67 Hepatitis A, B & C in Minnesota, 2013 Minnesota Department of Health Hepatitis Surveillance System Minnesota Department of Health Hepatitis Surveillance System

68 Minnesota Hepatitis Surveillance System Hepatitis B reportable since 1987 Hepatitis C reportable since 1998 Passive data collection

69 Viral Hepatitis Overview

70 Data Source: Minnesota Viral Hepatitis Surveillance System Introduction Data in this presentation are current through 2013 Definitions:  Acute case:  Infected within the last six months  Symptomatic OR negative test in six months before diagnosis  Chronic case:  Infected for over six months  Asymptomatic or symptomatic  Resolved cases:  No evidence of current infection  Evidence of past infection

71 Data Source: Minnesota Viral Hepatitis Surveillance System Data limitations The slides rely on data from HCV and HBV cases diagnosed through 2013 and reported to the Minnesota Department of Health (MDH) Hepatitis Surveillance System. Some limitations of surveillance data:  Data do not include hepatitis-infected persons who have not been tested  Data do not include persons whose positive test results have not been reported to the MDH Persons are assumed to be alive unless the MDH has knowledge of their death. Persons whose most recently reported state of residence was Minnesota are assumed to be currently residing in Minnesota unless the MDH has knowledge of their relocation.

72 Acute Viral Hepatitis  Acute case:  Infected within the last six months  Symptomatic OR negative test within 6 months before diagnosis

73 Reported rate per 100,000 population of acute viral hepatitis United States, Data Source: Viral Hepatitis Statistics & Surveillance at

74 Number of Acute* Cases per year Minnesota, Data Source: MN Viral Hepatitis Surveillance System*Acute cases include seroconverters for all years for HBV and HCV

75 Chronic Viral Hepatitis

76 Overview of Chronic HBV in MN  Chronic case:  Infected for over six months  Includes cases with no evidence of recent infection  Asymptomatic or symptomatic

77 Reported Number of Persons with Chronic HBV in MN As of December 31, 2013, 21,585* persons are assumed alive and living in MN with chronic HBV *Includes persons with unknown city of residence Note: Includes all chronic, and probable chronic cases. Data Source: MN Viral Hepatitis Surveillance System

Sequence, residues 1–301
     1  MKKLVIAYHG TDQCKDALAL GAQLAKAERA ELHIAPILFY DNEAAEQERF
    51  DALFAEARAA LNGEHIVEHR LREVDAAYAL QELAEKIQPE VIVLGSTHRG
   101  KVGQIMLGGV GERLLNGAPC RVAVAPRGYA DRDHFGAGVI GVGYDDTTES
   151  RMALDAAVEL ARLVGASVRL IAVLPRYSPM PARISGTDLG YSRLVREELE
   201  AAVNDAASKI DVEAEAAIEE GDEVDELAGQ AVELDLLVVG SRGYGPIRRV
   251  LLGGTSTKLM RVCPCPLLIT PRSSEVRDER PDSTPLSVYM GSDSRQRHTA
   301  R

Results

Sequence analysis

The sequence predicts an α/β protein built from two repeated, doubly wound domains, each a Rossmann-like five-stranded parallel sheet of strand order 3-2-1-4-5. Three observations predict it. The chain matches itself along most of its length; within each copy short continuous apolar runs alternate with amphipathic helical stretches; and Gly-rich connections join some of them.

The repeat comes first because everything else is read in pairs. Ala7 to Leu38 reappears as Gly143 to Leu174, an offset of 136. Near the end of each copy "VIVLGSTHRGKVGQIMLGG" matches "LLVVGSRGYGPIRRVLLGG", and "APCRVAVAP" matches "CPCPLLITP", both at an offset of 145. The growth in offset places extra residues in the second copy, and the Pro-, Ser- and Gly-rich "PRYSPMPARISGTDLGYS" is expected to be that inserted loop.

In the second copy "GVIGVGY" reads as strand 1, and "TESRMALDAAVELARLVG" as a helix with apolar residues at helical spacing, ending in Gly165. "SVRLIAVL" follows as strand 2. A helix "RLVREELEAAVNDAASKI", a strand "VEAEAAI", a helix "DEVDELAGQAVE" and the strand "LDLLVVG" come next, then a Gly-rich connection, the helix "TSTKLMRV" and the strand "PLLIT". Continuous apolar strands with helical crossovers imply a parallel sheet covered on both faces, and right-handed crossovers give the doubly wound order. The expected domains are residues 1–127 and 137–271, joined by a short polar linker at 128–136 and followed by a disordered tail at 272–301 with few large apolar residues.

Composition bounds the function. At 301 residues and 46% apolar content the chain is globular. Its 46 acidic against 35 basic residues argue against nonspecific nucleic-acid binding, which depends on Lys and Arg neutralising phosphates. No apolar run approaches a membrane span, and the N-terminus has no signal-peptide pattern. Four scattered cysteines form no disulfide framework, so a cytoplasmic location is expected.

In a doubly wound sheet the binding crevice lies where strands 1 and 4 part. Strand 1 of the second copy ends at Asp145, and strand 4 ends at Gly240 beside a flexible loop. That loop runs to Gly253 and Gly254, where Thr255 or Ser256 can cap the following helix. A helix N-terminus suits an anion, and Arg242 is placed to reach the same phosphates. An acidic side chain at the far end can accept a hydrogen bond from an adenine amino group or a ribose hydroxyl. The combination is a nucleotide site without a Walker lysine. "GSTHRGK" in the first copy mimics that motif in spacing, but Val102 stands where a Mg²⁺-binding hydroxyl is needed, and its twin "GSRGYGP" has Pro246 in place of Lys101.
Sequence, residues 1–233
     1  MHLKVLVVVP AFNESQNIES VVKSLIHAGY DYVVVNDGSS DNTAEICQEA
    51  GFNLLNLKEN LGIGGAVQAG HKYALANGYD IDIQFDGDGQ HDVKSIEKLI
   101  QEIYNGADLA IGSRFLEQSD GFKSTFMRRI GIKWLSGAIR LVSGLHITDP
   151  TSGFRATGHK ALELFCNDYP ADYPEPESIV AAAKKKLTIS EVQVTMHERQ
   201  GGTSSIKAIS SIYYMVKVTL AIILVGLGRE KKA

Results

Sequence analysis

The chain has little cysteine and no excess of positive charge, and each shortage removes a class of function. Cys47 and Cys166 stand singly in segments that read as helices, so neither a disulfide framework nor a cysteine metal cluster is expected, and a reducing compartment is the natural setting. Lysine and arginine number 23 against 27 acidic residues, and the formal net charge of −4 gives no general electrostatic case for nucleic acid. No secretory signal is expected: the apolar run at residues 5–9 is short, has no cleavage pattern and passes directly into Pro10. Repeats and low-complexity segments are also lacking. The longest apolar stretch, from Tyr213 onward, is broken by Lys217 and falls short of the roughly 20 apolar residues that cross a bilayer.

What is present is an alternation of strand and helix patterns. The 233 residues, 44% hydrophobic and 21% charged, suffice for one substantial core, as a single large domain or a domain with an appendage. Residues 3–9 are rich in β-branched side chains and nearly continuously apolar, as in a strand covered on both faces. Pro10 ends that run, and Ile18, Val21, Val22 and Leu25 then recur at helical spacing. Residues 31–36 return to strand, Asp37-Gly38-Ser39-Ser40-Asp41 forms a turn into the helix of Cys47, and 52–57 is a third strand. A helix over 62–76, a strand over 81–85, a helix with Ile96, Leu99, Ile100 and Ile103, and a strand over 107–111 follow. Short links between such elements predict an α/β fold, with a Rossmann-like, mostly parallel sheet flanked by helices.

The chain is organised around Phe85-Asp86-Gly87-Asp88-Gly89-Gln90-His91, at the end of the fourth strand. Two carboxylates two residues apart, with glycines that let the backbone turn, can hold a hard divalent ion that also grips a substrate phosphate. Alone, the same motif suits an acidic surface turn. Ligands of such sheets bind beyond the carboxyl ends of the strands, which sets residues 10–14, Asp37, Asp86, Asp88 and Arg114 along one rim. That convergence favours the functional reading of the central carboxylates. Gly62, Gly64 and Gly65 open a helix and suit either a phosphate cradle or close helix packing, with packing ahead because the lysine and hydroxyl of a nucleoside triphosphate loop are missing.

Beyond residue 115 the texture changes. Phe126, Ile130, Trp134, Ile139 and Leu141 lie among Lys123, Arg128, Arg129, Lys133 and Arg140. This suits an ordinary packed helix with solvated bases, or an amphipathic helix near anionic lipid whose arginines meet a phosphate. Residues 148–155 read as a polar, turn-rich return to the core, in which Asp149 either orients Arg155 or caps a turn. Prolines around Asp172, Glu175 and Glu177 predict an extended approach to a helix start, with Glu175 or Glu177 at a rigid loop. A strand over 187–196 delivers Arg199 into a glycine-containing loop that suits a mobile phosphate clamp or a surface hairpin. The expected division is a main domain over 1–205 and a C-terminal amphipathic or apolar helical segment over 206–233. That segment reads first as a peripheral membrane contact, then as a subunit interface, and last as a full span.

78 Persons Living with HBV in MN by Current Residence, 2013 Metro = Seven-county metro area including Anoka, Carver, Dakota, Hennepin, Ramsey, Scott, and Washington counties. Greater MN = All other Minnesota counties, outside the seven-county metro area. Total number with residence information = 21,242 (343 missing residence information) Data Source: MN Viral Hepatitis Surveillance System

79 Persons with Chronic HBV in MN by Age, 2013 Median Age: 43 Data Source: MN Viral Hepatitis Surveillance System

80 Chronic HBV in MN by Gender, 2013 Data Source: MN Viral Hepatitis Surveillance System

81 Persons Living with Chronic HBV in Minnesota by Race, 2013 Persons with unknown race=3,365 Afr Amer = African American /Black Asian=Asian or Pacific Islander Amer Ind = American Indian Other = Multi-racial persons or persons with other race Data Source: MN Viral Hepatitis Surveillance System

82 Persons Living with Chronic HBV in Minnesota by Race rates (per 100,000 persons*), 2013 *Rates calculated using 2010 U.S. Census data Excludes 3,396 cases with multiple races and unknown race Data Source: MN Viral Hepatitis Surveillance System

83 Overview of HCV in Minnesota A hepatitis C case is defined as current or past infection with hepatitis C and includes:  Acute cases:  Infected within the last six months  Symptomatic  Chronic cases:  Infected for over six months  Resolved cases:  No evidence of current infection  Evidence of past infection

84 Reported Number of Persons Living with HCV in MN As of December 31, 2013, 40,943* persons are assumed alive and living in MN with HCV *Includes persons with unknown city of residence Note: Includes all acute, chronic, probable chronic, and resolved cases. Data Source: MN Viral Hepatitis Surveillance System

85 HCV Infected Persons Identified through Passive Surveillance in MN through 2013 **http://www.cdc.gov/ncidod/diseases/hepatitis/c/fact.htm *Includes all acute, chronic, probable chronic, and resolved cases. HCV infected persons* identified through passive surveillance Estimated unidentified HCV infected persons 40,943 43,920 N=84,863** Data Source: MN Viral Hepatitis Surveillance System